It took until the second business day of the new year for the chips to start falling in the US printed circuit laminate industry. On the same day, Isola changed hands, and Park Electrochemical announced it was reviewing options for its PCB unit – a move generally seen as a precursor to a sale.
As the East Coast braced for a winter blizzard of epic proportions, Park Electrochemical sent a cold shiver down the spines of more than a few industry observers with its announcement of a “strategic evaluation” of its core printed circuit materials business, one that could spell the end of one of the last domestic manufacturers of FR-4 in North America.
Park has been paring its PCB operations over the past few years amid declining revenues and tighter margins. Even as the firm’s aerospace revenues have grown, overall Park sales have fallen year-over-year in 10 of the past 11 quarters, more than half the time by double digits. And said PCB revenues have been falling despite a rebound in the overall bare board market.
Although it generates most of its revenue (roughly three-fourths) from the PCB materials unit, sources indicate the firm sees more upside in its aerospace materials division, which isn’t as susceptible to the commodity pricing pressures of board-level laminate. The sale or closure of the division could further disrupt the North America supply chain, however.
Park’s long history is heavily intertwined with that of the North American PCB industry, and one of the last remaining “family” firms. Cofounded in 1954 by Jerry Shore, his son Brian is now CEO and grandson Ben a senior vice president. The Nelco and Neltec brands are synonymous with the heyday of the North American bare board industry. Its sale, whenever that day comes, will truly mark the end of an era.
Meanwhile, in Arizona, Isola completed the transfer of its equity ownership to an investment group led by Cerberus Capital Management. This deal was not a surprise: Isola had reportedly been trying to restructure a debt load of more than half-a-billion dollars since last summer.
Isola was primarily owned by the investment firms TPG Capital and Oaktree Capital Group. It’s unclear at present how the stakes in the company are now divided.
No doubt Isola won’t be one of the bidders for Park, however.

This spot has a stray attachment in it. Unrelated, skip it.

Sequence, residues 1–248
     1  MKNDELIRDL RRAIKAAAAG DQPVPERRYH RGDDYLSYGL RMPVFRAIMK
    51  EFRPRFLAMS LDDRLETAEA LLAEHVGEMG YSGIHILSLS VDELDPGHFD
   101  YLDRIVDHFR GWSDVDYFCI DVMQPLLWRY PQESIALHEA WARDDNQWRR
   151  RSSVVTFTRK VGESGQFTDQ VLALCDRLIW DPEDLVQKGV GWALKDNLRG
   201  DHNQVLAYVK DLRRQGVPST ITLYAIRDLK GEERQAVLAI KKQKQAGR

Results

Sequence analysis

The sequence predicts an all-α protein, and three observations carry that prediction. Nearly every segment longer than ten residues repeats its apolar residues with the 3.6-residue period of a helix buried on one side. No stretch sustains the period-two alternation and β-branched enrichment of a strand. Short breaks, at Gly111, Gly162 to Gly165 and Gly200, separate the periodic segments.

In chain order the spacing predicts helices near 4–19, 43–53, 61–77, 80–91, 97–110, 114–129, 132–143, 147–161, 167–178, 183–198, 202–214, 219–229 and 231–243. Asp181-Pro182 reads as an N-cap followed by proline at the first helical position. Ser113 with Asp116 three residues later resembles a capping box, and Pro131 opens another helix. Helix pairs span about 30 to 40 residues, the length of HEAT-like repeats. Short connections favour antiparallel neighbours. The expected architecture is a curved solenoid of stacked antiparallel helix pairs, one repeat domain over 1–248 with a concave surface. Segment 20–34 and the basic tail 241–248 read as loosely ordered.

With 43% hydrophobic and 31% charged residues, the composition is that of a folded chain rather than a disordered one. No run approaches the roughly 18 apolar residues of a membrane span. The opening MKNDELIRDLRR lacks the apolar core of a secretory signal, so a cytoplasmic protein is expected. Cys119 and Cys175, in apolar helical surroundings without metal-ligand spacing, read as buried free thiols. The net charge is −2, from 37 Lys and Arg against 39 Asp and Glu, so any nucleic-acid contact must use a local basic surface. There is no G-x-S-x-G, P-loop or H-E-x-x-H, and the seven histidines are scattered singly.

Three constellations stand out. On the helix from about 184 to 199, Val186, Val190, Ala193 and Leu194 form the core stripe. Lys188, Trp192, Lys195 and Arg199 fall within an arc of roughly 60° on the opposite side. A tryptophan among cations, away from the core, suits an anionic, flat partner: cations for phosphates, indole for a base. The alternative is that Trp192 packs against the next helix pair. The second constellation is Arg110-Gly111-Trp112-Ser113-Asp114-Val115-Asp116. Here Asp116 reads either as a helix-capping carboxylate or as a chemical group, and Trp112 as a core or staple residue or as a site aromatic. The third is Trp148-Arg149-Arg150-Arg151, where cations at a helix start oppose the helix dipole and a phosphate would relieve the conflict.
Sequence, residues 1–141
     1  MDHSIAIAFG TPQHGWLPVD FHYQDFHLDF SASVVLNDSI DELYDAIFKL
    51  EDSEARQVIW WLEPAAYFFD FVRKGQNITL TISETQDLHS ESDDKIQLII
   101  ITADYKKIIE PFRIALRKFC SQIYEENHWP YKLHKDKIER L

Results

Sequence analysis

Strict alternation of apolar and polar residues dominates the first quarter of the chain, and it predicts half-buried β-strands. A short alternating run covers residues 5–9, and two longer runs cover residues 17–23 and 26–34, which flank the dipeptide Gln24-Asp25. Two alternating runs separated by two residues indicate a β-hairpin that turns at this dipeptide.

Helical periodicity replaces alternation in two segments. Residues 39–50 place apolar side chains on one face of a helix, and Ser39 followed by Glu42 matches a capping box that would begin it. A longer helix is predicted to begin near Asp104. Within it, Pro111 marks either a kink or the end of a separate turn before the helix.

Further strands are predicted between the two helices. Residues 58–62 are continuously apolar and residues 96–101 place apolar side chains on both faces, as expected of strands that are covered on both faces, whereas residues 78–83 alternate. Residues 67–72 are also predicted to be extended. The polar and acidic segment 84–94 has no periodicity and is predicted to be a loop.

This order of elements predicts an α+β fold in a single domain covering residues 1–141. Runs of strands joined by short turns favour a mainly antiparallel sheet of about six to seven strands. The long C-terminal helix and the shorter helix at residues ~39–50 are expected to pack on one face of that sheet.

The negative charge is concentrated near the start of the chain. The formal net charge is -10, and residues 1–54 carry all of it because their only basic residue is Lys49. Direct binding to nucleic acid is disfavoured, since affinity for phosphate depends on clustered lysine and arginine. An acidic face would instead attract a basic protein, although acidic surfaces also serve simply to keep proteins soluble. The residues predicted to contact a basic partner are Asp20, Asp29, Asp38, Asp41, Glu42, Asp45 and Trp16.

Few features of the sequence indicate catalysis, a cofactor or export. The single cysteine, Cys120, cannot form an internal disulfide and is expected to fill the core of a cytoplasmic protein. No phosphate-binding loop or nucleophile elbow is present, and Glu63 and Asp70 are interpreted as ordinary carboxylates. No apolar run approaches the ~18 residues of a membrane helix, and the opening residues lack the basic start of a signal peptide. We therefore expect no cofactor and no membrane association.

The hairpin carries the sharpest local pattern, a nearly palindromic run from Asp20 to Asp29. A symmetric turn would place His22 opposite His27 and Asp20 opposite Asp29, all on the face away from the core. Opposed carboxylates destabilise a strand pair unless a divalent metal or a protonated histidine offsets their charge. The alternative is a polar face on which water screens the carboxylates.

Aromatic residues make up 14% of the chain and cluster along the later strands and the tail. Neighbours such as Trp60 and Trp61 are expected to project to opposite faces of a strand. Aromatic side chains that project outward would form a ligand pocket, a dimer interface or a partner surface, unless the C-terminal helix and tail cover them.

Couple this with the changes at Arlon over the past two years, and the US laminate industry continues to be in flux. Many of the other major internationally based players appear stable: Kingboard, Shengyi Technology, Nanya, Panasonic, and Ventec (which merged with TMT in 2016). Among US-based vendors, Rogers’ position at the high-end has enabled it to remain financially sound. It may be the only one.
Demand for lower-tech materials isn’t enough to sustain footprints in higher-cost markets. M&A can result in stronger, more viable companies. Let’s hope the future for Park (or whomever buys it) and Isola is brighter than the present, as the North American supply chain depends in large part on their success.
One market that is defying gravity is that of PCB design tools. The sector grew a healthy 13% in the third quarter, continuing a solid run that has lasted two years. Indeed, it marked the sixth time in the past seven quarters that PCB/MCM software sales have risen. Even better, the Americas remain the EDA’s largest region.
That’s critical, since ownership of the design IP remains the Holy Grail.
Whether bare board fabricators can take greater advantage is another story. As Sanmina closes its doors in Owego, NY, taking the largest bare board plant left in the US offline in the process, the incentive for suppliers to take root here is lessened. It’s a vicious cycle: fewer fabricators means a smaller supply base. A smaller supply base means less competition, which means less innovation, which further tightens the noose around the fabricators.
We’ve been speeding toward this moment since the tech downturn of late 2001/02. I see three possible outcomes: 1) The market continues to dissipate; 2) new technology (3D printing?) and manufacturing methods (Whelen Engineering?) take hold, offsetting the labor cost differential; 3) a strong leader steps up with the vision – and an executable plan – to recharge the domestic industry.
If growth and success are in the cards, it’s time for real leadership to emerge.
P.S. Listen to my new podcasts on the PCB design software market and design collaboration tools at upmg.podbean.com.